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Oregon Court of Appeals 01-20-10

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by: Abassos • January 19, 2010 • no comments

Read the full article for details about the following new cases:

  • Indictment - Demurrer
  • Good Time Hearings
  • Search and Seizure - Automobile Exception
  • Parole - Statutory Exceptions

Three new criminal cases, none of them good for the defense:


Indictment - Demurrer

A felony DUII indictment does not need to list the specific DUII priors. It merely needs to allege that they exist. It is enough that the defendant is advised of the State's theory. Here, defendant acknowledged that he knew exactly what the 3 convictions were that the State would rely on. ORS 813.326 State v. Molver

Good Time Hearings

The new HB 3508 hearings to decide whether to increase good time to 30 percent are not appealable. The appellate court has no jurisdiction to hear the cases. They don't impose or suspend imposition or execution of sentence or affect probation. I.e., they're not in the list of appealable actions in ORS 138.053(1). State v. Portis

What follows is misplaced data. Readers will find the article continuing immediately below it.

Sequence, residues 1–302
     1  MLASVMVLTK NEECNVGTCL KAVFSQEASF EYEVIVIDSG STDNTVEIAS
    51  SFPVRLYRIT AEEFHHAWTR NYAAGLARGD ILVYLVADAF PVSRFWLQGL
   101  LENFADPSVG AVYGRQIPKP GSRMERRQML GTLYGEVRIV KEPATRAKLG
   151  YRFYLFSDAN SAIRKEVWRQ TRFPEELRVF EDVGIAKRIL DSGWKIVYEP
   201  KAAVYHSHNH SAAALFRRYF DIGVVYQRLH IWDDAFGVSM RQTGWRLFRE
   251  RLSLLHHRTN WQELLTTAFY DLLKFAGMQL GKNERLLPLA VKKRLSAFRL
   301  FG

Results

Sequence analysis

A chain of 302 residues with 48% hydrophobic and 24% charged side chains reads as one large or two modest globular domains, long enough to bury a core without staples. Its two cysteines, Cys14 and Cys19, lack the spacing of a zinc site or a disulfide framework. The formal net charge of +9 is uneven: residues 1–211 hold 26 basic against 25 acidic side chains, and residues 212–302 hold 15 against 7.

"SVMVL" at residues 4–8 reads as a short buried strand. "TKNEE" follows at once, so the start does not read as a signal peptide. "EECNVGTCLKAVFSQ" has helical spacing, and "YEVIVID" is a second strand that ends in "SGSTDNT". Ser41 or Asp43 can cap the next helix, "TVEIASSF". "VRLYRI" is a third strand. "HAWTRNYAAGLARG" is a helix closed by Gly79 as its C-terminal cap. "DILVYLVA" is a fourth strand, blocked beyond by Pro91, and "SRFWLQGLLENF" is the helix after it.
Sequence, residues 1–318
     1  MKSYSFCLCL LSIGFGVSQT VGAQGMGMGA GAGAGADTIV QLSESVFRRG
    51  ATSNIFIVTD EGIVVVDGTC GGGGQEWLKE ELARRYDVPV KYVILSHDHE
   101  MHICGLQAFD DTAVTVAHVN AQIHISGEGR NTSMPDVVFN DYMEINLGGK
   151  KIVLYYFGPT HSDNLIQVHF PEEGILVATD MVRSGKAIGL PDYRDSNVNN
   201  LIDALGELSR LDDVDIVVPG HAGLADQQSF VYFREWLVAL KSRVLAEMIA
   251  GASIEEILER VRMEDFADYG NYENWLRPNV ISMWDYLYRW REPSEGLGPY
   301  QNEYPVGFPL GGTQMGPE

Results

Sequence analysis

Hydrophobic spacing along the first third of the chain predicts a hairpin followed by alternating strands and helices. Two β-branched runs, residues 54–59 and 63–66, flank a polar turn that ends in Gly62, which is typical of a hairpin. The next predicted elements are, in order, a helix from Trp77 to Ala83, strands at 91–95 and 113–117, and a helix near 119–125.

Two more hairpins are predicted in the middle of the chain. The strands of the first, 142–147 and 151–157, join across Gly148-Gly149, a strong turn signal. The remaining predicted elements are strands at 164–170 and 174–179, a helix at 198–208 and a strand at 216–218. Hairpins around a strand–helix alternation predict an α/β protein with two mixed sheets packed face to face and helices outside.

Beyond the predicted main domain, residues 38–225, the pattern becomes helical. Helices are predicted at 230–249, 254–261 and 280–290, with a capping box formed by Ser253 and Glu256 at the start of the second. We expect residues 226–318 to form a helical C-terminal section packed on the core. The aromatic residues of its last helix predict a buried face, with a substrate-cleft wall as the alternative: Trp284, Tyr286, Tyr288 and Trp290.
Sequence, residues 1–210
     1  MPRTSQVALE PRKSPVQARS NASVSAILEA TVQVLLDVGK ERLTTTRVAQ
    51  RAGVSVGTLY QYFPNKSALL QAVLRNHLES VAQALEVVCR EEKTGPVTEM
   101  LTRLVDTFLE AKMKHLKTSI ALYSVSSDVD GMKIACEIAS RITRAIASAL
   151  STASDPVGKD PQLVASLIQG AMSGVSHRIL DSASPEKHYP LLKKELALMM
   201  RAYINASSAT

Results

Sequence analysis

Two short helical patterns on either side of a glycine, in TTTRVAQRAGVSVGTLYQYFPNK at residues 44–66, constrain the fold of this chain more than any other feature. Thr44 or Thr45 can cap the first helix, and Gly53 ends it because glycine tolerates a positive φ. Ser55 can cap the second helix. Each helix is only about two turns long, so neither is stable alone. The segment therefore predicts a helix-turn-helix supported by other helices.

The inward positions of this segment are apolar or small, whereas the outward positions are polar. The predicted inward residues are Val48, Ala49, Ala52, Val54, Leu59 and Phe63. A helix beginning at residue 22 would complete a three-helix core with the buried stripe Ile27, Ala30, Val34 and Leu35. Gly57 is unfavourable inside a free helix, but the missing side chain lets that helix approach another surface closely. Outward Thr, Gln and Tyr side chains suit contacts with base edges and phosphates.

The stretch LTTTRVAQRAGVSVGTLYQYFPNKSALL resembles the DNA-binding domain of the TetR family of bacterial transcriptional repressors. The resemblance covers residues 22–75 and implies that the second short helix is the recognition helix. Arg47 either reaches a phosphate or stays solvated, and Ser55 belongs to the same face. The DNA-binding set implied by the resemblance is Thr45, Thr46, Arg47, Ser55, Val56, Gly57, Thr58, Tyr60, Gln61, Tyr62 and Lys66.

Automobile Exception

A backpack reeking of marijuana found in a car during a traffic stop is searchable as an exigent circumstance. This, despite the fact that there's no way to tell whether it is more or less than an ounce of marijuana before opening the backpack. It turns out that the officers need not believe there to be evidence of a crime. Rather, they only need to have p.c. that there is contraband in the car: "probable cause to believe that a lawfully stopped automobile which was mobile at the time of the stop contains contraband or crime evidence justifies an immediate warrantless search of the entire automobile." Contraband includes evidence of a violation. As of today. State v. Smalley

Statutory Exceptions

There's also a pro se parole matter involving a juvenile ag murder case from 1992 where the kid was sentenced to life in prison. Ag murder cases are excepted from the statute imposing on the parole board various requirements like setting release dates and such. Juvenile cases are no different from adult cases in this regard. State Ex Rel Sopher v. Washington